I loved growing up in Crown Heights on Montgomery Street in Brooklyn, just a few blocks from Ebbets Field. I remember lying in bed at night listening to the crowd at Ebbets Field during a night game. I knew that if there was a loud roar, it meant that the Dodgers had gotten a hit or even a home run! Admission to the bleachers was 60 cents – or – 10 Elsie wooden sticks! Elsie sticks came from the ice cream popsicles you bought from the ice cream man. Most people threw the sticks away. So I would walk along Montgomery Street looking for the discarded sticks. When I found 10 of them, I had enough to ‘buy’ a ticket to the bleachers! So I would rush over to Ebbets Field to watch the Dodgers play baseball. I loved the crack of the ball hitting the bat and I loved walking up the ramp to my seat for my first glimpse of the bright green grass!
When the game was over I used to stand at the gas station on Bedford Avenue where the players parked and ask for autographs. They were all very nice and very patient, and they often gave us their autographs. I remember that Duke Snider (#4) drove a convertible and Willie Mays (when the Giants visited) drove a big pink car. Ebbets Field was a happy place to be.
Just a few blocks from Ebbets Field was Prospect Park. It had a wonderful little zoo with a few elephants, seals, and monkeys. In those days, you could just wander around the zoo looking at the animals. There was no admission to the zoo or to the park.
When I was about 15, a carousel opened right near the zoo. Oh my, I adored riding on the carousel! I believe that it is still there on Flatbush Avenue. During a cold winter, the lake at Prospect Park would freeze over, and my brother would take me ice skating on the lake at night. It was really beautiful but it was really, really cold.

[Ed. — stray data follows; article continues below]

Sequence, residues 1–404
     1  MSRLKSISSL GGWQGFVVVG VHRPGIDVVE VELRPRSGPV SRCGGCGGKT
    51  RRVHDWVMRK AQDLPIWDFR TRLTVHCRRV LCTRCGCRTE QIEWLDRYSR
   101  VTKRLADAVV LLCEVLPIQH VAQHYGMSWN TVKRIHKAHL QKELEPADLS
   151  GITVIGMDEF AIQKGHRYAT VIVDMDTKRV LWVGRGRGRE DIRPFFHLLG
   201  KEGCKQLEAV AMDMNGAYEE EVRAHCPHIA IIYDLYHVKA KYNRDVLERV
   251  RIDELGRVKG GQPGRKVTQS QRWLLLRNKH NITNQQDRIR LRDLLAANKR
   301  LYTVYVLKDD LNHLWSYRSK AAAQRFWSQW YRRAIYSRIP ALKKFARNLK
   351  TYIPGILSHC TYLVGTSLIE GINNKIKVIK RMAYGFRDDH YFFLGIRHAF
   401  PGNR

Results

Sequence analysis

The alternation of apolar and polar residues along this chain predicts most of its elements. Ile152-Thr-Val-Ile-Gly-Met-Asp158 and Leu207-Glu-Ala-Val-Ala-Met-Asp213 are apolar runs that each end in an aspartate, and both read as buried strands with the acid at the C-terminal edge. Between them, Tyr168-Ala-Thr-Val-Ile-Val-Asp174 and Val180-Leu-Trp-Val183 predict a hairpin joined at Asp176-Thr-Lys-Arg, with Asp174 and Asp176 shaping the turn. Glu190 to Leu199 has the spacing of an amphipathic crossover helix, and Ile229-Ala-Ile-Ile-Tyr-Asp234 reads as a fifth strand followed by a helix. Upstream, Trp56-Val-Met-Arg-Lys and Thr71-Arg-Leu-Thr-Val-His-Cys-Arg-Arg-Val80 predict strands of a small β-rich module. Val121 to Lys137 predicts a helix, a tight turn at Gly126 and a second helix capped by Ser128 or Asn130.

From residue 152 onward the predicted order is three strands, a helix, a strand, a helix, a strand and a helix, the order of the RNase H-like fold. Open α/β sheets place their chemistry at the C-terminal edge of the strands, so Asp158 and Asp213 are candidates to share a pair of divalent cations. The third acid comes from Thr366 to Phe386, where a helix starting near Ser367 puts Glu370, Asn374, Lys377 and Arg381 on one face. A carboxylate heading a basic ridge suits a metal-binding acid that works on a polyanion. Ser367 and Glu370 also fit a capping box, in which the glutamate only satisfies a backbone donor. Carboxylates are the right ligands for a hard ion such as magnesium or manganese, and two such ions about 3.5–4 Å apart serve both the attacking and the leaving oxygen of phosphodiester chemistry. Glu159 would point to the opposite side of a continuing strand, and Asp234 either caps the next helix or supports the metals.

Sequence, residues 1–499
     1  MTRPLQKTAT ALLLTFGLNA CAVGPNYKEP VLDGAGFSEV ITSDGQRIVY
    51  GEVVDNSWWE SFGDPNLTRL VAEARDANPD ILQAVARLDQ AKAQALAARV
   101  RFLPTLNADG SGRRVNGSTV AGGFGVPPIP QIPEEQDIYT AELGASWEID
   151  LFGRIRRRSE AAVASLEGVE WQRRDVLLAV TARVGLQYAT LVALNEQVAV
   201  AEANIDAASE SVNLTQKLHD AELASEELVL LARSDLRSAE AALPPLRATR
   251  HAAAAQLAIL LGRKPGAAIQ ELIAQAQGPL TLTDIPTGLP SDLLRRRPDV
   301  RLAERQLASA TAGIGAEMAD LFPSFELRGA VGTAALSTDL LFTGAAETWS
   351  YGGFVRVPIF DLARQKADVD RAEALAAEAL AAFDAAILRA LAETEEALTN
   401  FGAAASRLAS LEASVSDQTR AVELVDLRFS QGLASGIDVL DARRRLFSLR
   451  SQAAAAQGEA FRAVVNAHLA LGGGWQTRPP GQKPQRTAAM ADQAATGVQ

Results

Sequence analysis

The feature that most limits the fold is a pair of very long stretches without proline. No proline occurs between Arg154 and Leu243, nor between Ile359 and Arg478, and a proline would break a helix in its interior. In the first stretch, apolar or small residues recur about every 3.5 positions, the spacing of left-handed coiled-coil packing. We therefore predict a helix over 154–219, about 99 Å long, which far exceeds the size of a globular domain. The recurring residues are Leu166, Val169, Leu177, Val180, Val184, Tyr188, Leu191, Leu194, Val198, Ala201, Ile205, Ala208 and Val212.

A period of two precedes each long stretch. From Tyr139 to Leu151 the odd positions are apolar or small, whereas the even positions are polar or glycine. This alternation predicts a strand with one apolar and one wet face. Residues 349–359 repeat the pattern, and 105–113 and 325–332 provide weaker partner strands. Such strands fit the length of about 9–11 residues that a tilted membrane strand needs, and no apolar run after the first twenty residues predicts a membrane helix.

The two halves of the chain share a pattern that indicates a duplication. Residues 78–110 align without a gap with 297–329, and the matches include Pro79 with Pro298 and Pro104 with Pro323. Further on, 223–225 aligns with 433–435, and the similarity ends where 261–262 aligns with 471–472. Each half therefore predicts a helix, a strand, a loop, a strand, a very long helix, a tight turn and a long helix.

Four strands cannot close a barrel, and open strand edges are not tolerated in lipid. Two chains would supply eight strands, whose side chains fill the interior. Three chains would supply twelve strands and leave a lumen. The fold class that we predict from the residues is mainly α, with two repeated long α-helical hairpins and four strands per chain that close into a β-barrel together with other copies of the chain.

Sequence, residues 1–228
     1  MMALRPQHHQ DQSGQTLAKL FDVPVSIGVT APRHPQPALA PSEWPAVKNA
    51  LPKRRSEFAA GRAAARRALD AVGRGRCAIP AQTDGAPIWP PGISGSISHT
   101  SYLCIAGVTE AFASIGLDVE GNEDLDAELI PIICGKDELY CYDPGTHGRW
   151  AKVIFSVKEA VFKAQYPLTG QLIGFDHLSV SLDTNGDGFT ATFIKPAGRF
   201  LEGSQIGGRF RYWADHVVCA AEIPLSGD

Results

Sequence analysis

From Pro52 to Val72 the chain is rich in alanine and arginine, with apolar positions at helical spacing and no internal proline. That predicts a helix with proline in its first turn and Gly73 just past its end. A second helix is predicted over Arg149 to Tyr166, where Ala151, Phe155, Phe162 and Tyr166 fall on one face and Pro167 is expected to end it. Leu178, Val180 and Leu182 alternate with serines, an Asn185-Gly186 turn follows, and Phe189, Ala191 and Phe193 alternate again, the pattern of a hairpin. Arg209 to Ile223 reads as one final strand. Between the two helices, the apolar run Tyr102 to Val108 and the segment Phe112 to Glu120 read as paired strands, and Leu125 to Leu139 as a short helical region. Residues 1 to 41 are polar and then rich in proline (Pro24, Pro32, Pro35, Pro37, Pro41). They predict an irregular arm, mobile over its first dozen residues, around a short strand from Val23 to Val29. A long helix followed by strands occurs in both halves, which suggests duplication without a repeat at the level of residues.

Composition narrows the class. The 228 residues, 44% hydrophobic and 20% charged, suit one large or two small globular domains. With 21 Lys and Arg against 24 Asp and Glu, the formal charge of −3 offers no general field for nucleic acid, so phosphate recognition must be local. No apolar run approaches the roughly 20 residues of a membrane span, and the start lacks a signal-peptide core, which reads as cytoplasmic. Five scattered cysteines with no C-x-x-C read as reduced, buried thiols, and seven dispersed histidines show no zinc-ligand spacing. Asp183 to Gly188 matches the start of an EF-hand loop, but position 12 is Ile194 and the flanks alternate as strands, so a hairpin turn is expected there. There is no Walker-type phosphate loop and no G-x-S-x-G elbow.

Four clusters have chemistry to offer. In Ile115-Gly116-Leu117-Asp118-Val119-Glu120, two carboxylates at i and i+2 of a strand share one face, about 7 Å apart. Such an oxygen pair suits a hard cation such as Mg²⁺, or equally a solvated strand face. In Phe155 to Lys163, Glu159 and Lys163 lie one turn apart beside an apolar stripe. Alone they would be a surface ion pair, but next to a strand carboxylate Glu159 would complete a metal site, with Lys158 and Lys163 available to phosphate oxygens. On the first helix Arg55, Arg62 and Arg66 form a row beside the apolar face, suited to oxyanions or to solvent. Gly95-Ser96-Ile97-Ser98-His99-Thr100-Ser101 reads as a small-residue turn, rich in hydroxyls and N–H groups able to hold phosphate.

Prospect Park had a beautiful lake stocked with fish. Every summer one of the local newspapers ran a fishing contest for kids. The kid who caught the biggest fish won a prize. I tried every summer to win the prize – but not only did I not win, I never even caught one fish!
Across the street from Prospect Park was the Grand Army Plaza Library, the Brooklyn Botanical Gardens, and the Brooklyn Museum. I really liked the Museum and their Egyptian Mummy exhibit - which I believe is still on display. The library was the largest that I had ever seen, filled with really tall bookshelves. The Gardens were beautiful, especially during Cherry Blossom time in the spring. Both the Library and Gardens are still popular places to visit.
I remember going from place to place myself in Brooklyn either by trolley car or bus or subway train. A ride cost 15 cents and if needed, you could get a transfer. The wooden trolleys ran along Empire Boulevard, attached to overhead wires. Boys were always hanging off the back of the trolley in order to get a free ride.
Growing up in Brooklyn in the 1950’s is filled with SO many memories. So many, in fact, that I could easily fill a book with my memories and stories!
We lived on Montgomery Street in Crown Heights. Crown Heights was an Orthodox Jewish community – very tight knit. I always perceived a tension between the Hasidim and us. I believe that the tension existed because they frowned down upon us since we were not as religious as they were.
But that aside, I consider myself SO fortunate to have had the opportunity to live in Brooklyn New York in the 1950’s – what a blessing! And now, living in Richmond Virginia, people can’t tell that I am from Brooklyn until I open my mouth and begin to speak!